I'm going to warn everyone, the beginning of today's column might be a little dry and geeky, but it gets juicier â€" so stick with it, and you will be rewarded with some actual insight into Lent.
There is a new app for the iPhone called You Version. It is an online Bible with many contemporary and traditional versions. It offers an interesting option of using a reading plan. I recommend it to everyone who has a smartphone, simply for its ease of use.
The front page of my smartphone, which holds all my most-used applications, has become a representation of who I am and what I use in my digital life. The first button is for my email, the next for Twitter, then Facebook and then a Web browser. Other apps on the front page include games, a calendar, contacts and Dropbox, a storage app that has made flash drives unnecessary.
I felt strongly that I should also make a Bible app prominent â€" if only to remind me to do my devotions.
At first, I used Paul Avery's Bible, which was a straight app completely loaded on the phone, but I found that I often didn't open it. Like that huge Family Bible on the coffee table, it gathered dust. Then I started seeing tweets about You Version, so I decided to try it out.
I opened the app and saw the reading plans. I decided in this season of Lent â€" and it is the first time I have ever been at a church that truly celebrated the season of Lent â€" I would dive in.
The app has changed my perspective.
My wife and I went into Lent knowing we would deny ourselves something, or fast, in order to be closer to Christ this season. I thought it was meant just for us to relate to Christ's sufferings. So I chose TV shows (a difficult decision) and, harder still, my wife chose cheese â€" not realizing that almost all the food worth eating is smothered in wonderful cheese.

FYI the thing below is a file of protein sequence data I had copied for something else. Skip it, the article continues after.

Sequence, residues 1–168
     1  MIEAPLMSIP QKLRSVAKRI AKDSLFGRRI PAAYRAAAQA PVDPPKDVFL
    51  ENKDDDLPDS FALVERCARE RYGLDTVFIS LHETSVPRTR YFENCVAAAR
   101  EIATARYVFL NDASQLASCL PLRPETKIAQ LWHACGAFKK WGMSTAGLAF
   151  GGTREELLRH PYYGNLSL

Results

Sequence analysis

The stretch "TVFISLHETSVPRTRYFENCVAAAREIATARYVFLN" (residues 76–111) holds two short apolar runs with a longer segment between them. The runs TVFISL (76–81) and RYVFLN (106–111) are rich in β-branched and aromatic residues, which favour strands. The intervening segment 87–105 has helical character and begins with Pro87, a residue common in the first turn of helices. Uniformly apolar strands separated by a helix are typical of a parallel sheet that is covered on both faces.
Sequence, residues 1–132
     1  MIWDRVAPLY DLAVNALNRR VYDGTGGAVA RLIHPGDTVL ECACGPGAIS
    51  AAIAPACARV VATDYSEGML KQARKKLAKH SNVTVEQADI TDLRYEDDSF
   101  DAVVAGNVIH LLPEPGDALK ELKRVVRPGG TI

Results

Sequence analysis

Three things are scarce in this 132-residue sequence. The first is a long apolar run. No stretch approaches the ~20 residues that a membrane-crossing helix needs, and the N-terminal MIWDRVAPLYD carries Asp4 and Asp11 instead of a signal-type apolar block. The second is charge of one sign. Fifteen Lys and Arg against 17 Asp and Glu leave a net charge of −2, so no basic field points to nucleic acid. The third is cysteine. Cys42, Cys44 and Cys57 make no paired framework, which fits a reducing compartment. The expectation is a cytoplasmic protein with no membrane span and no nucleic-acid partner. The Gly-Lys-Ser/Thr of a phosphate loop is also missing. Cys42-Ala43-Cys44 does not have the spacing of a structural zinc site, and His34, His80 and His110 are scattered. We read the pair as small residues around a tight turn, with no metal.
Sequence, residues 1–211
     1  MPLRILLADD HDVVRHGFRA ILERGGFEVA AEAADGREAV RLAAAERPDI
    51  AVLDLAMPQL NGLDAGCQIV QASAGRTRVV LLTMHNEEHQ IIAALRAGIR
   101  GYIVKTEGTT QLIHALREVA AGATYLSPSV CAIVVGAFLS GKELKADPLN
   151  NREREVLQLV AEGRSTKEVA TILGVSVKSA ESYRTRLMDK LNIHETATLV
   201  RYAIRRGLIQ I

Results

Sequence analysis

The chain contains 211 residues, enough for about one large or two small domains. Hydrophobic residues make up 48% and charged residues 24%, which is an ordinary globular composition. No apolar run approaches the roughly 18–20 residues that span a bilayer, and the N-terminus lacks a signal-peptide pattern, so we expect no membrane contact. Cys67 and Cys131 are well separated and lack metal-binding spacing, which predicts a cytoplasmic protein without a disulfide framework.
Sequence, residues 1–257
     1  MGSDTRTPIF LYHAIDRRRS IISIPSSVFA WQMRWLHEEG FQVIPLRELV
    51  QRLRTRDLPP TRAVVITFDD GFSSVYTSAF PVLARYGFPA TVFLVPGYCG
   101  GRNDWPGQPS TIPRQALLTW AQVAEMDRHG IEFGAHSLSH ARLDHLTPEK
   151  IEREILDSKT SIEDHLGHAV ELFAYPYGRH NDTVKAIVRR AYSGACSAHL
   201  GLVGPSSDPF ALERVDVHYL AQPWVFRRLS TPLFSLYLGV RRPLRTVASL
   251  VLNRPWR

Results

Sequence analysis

We denied ourselves and tried hard to be perfect like Christ was perfect.
But we found ourselves stumbling all the time, though not purposefully. We would have breakfast sandwiches and halfway through my wife would lament, "No! I've eaten cheese!" Or I would find that on Thursdays, when my favorite comedies came on, my eyes would wander from the book I was reading to the TV screen. My wife would just shake her head.
It wasn't until I delved into You Version's Lent devotional plan that I started to understand the fullness of what was happening.
In a short paragraph, it was pointed out that in Lent we try and often fail to be like Christ. In its fullness, Lent is about relying on and remembering the grace we have all received because of what Christ did on the cross.
So as we were messing up and crying out in our mistakes â€" much like stubbing your toe and being quite upset â€" we began to see us for what we are: imperfect people who are trying to become more perfect but are still dependant on Christ's sacrifice.
It is all about Jesus! Not our own ability to be stoicists.
As Easter approaches, it has become quite clear to us, thanks to the words sent across the electronic highway of the Internet, that we are still in need of a savior and that we can celebrate Christ's resurrection with fresh eyes and hearts cleared of self-pride.
Daniel Griswold is the director of youth at St. Andrew By-the-Sea United Methodist Church. Follow him on Twitter @dannonhill.